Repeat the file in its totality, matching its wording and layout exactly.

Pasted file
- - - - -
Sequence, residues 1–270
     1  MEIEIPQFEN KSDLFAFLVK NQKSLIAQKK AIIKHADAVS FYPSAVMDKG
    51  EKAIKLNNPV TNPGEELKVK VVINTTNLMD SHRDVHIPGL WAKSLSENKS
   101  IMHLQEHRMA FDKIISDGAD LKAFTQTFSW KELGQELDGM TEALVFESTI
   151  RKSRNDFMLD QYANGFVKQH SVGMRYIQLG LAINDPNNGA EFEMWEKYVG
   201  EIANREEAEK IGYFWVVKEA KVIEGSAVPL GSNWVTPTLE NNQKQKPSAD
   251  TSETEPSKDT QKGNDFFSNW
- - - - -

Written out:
Sequence, residues 1–270
     1  MEIEIPQFEN KSDLFAFLVK NQKSLIAQKK AIIKHADAVS FYPSAVMDKG
    51  EKAIKLNNPV TNPGEELKVK VVINTTNLMD SHRDVHIPGL WAKSLSENKS
   101  IMHLQEHRMA FDKIISDGAD LKAFTQTFSW KELGQELDGM TEALVFESTI
   151  RKSRNDFMLD QYANGFVKQH SVGMRYIQLG LAINDPNNGA EFEMWEKYVG
   201  EIANREEAEK IGYFWVVKEA KVIEGSAVPL GSNWVTPTLE NNQKQKPSAD
   251  TSETEPSKDT QKGNDFFSNW